City planners ask the public to participate in planning processes, but people are tired of showing up. Here are some of the reasons why.
My friend Tom lives in North Denver’s Elyria neighborhood, down the street from the I-70 highway and within smell of the city’s famously odiferous dog food factory. He keeps a scrapbook that most people wouldn’t. It contains all of the flyers, explainers, invitations to contribute to health studies, meeting requests, and info sessions that have been delivered to his door over the past four years.
Tom, who is an artist, plans to make it into a collage — a reminder, or maybe even a historical record — of the days when planners and researchers knocked on his door all day long — and tried to transform North Denver from a superfund site to a sustainability hub.
I live in Denver too, some 25 blocks south of Tom, also within the smell of the dog food factory. I have spent a lot of time over the past few years trying to understand the city’s growing inequality. By some metrics, Denver leads the U.S. in displacement of Latino residents, and there are meetings — so many meetings — all focused on gathering resident input on coming changes.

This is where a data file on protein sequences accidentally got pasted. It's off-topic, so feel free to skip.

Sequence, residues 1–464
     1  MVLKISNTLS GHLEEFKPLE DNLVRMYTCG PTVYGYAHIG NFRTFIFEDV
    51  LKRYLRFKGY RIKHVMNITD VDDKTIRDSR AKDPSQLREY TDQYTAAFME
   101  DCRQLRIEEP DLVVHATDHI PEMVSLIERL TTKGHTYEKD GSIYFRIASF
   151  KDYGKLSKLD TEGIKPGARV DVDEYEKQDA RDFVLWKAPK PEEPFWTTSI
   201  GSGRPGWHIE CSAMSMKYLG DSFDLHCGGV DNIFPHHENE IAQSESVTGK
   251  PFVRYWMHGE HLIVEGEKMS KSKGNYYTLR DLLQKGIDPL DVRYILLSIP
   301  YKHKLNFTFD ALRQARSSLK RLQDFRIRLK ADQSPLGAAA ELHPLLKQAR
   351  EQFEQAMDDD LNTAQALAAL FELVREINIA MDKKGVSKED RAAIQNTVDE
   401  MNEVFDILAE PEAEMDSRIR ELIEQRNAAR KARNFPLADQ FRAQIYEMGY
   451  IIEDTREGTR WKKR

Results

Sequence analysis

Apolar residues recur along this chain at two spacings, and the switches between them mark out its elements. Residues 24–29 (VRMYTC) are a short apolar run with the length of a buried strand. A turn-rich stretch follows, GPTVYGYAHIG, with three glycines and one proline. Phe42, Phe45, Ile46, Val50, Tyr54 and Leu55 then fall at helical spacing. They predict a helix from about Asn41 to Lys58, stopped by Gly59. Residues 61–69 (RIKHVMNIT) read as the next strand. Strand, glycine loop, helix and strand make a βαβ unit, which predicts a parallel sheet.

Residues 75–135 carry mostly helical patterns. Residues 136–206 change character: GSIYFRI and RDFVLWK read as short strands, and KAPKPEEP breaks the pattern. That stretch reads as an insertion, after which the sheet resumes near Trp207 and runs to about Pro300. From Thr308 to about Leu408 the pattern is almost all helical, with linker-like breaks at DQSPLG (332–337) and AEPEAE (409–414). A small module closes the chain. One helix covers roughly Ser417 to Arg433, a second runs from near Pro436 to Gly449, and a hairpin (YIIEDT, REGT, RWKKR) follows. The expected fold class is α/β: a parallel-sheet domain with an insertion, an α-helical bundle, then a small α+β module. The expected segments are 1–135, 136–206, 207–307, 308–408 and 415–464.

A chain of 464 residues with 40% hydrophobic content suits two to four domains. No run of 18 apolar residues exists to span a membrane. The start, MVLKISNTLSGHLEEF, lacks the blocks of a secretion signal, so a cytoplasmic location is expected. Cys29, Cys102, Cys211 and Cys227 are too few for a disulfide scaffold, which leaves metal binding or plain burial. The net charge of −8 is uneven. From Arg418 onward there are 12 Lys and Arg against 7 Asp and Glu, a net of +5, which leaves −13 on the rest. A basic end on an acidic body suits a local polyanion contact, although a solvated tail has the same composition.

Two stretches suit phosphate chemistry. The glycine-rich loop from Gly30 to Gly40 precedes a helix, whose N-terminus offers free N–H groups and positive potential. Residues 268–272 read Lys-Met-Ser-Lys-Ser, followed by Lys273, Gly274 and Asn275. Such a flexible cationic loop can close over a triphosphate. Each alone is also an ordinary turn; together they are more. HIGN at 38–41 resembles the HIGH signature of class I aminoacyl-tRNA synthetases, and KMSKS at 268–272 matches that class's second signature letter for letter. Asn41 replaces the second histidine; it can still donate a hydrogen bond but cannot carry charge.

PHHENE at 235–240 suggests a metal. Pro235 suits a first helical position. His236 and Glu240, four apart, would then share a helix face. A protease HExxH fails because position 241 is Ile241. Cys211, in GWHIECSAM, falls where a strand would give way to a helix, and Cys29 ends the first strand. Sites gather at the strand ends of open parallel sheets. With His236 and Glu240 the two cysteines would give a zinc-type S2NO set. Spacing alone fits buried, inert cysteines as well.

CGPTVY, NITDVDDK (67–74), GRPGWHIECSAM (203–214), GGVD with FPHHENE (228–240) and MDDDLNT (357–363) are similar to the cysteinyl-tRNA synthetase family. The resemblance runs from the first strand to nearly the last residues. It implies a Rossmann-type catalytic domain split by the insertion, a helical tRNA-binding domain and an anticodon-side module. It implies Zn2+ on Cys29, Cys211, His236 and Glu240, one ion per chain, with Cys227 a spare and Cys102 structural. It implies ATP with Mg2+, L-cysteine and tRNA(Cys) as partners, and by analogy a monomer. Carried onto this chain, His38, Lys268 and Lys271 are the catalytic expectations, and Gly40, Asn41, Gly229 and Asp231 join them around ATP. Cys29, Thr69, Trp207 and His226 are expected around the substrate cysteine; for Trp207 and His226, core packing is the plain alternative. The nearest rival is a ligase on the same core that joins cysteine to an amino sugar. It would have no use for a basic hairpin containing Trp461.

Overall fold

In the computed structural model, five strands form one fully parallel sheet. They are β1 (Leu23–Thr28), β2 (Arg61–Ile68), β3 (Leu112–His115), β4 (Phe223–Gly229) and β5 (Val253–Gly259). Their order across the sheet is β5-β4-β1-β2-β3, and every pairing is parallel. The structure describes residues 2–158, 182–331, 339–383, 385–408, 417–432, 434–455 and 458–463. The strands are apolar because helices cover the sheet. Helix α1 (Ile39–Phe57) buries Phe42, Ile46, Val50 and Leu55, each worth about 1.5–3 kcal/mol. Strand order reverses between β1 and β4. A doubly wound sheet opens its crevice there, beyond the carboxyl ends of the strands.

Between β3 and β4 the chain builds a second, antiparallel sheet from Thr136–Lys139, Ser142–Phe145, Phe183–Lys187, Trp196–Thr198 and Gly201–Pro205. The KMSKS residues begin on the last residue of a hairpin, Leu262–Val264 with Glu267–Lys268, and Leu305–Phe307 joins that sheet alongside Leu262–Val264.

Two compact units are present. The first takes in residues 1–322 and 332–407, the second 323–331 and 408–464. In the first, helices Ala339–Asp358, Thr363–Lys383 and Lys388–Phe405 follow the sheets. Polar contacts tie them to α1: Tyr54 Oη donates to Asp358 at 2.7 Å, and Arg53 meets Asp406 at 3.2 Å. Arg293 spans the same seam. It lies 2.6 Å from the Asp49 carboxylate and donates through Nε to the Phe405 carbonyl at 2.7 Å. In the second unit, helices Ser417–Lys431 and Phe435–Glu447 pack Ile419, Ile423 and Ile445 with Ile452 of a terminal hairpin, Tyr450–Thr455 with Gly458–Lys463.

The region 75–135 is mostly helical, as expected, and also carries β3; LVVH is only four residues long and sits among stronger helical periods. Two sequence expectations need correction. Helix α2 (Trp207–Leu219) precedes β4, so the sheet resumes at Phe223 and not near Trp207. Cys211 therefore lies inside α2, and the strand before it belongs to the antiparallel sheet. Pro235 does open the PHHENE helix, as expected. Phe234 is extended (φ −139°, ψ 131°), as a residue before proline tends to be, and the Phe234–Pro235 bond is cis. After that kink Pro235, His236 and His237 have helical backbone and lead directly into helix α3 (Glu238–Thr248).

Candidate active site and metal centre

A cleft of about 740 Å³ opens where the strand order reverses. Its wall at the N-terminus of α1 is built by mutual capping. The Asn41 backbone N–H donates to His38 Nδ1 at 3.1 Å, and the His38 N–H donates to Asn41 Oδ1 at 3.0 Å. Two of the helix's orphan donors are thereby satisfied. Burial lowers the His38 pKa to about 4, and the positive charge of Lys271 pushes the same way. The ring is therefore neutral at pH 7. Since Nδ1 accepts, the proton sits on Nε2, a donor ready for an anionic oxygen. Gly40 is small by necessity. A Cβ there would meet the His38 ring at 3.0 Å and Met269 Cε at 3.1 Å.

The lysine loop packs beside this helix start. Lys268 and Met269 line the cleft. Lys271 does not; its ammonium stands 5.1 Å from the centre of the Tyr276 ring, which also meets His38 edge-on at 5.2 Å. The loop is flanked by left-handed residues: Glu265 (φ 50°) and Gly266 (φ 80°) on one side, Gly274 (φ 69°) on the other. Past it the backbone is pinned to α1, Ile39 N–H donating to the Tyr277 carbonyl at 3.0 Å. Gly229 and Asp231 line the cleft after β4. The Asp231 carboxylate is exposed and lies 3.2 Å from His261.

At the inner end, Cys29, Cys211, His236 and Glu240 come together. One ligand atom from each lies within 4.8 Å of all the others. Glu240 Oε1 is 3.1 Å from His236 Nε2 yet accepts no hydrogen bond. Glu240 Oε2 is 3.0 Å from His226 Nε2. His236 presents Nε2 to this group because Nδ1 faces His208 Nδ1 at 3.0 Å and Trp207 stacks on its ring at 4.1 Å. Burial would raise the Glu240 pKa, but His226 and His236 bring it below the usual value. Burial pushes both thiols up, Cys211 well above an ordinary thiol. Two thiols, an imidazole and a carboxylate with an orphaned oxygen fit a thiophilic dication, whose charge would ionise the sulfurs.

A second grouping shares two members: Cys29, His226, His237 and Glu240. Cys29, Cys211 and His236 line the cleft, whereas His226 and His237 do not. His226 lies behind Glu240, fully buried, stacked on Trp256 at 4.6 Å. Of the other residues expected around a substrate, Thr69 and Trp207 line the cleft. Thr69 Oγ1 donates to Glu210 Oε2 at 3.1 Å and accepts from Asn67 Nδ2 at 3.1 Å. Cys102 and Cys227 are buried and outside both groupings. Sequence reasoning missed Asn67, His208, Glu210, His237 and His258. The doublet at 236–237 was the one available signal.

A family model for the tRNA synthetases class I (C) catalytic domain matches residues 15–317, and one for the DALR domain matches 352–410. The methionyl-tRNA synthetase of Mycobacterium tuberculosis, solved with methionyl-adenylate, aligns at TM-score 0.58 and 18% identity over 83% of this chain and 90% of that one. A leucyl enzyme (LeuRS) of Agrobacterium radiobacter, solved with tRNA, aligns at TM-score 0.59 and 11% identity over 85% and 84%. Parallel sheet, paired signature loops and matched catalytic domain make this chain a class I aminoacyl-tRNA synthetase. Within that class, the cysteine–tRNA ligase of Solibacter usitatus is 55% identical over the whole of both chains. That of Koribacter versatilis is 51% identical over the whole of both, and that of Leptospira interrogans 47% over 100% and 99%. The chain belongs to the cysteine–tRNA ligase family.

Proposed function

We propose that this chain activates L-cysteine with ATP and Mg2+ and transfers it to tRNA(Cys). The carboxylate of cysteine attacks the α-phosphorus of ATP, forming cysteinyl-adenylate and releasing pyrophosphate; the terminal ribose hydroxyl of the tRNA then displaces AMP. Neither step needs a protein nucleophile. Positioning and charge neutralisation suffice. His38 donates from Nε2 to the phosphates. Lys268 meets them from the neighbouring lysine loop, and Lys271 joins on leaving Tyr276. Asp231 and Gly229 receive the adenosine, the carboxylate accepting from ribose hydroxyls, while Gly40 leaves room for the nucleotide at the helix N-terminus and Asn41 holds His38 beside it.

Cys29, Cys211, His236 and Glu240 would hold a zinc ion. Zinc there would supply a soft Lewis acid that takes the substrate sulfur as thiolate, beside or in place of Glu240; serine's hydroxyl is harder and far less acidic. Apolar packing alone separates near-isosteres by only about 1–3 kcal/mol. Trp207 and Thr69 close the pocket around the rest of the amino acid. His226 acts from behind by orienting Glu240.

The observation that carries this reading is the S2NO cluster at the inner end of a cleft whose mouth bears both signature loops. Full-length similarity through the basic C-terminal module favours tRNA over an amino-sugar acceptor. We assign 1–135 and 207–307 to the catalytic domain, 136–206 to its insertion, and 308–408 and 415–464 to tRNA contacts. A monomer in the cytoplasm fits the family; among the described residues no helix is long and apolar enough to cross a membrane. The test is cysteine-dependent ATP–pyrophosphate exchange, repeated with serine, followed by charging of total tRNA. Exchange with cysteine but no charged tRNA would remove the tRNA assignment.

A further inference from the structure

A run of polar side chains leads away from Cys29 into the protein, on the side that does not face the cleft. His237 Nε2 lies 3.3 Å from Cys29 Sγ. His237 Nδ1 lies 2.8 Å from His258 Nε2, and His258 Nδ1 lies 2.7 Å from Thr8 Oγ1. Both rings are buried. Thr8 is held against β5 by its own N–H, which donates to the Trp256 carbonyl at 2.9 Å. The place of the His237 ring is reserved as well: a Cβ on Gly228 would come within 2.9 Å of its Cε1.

These meetings have a name. Urbanists call them participatory planning. A movement now integrated as orthodox in urban planning schools, participatory planning seeks to involve a multiplicity of voices in urban development projects. In Denver, some of these aim to transform formerly industrial areas like the Globeville, Elyria, and Swansea neighborhoods (locals call this area GES), once the site of heavy metal smelters during Colorado’s mining boom times, from superfund sites to leaders in environmental remediation.